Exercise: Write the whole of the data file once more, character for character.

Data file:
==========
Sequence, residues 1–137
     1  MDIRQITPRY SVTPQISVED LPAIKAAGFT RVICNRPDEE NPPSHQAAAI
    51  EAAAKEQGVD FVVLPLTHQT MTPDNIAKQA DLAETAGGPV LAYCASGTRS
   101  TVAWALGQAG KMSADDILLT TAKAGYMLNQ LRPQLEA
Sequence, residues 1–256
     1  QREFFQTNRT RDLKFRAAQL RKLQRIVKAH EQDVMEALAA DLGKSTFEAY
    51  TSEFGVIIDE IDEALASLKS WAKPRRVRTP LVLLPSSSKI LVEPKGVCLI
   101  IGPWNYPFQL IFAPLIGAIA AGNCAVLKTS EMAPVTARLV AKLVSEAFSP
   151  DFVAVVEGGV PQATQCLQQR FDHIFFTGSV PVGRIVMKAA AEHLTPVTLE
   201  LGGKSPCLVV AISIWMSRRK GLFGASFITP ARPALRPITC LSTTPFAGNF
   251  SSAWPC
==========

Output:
Sequence, residues 1–137
     1  MDIRQITPRY SVTPQISVED LPAIKAAGFT RVICNRPDEE NPPSHQAAAI
    51  EAAAKEQGVD FVVLPLTHQT MTPDNIAKQA DLAETAGGPV LAYCASGTRS
   101  TVAWALGQAG KMSADDILLT TAKAGYMLNQ LRPQLEA
Sequence, residues 1–256
     1  QREFFQTNRT RDLKFRAAQL RKLQRIVKAH EQDVMEALAA DLGKSTFEAY
    51  TSEFGVIIDE IDEALASLKS WAKPRRVRTP LVLLPSSSKI LVEPKGVCLI
   101  IGPWNYPFQL IFAPLIGAIA AGNCAVLKTS EMAPVTARLV AKLVSEAFSP
   151  DFVAVVEGGV PQATQCLQQR FDHIFFTGSV PVGRIVMKAA AEHLTPVTLE
   201  LGGKSPCLVV AISIWMSRRK GLFGASFITP ARPALRPITC LSTTPFAGNF
   251  SSAWPC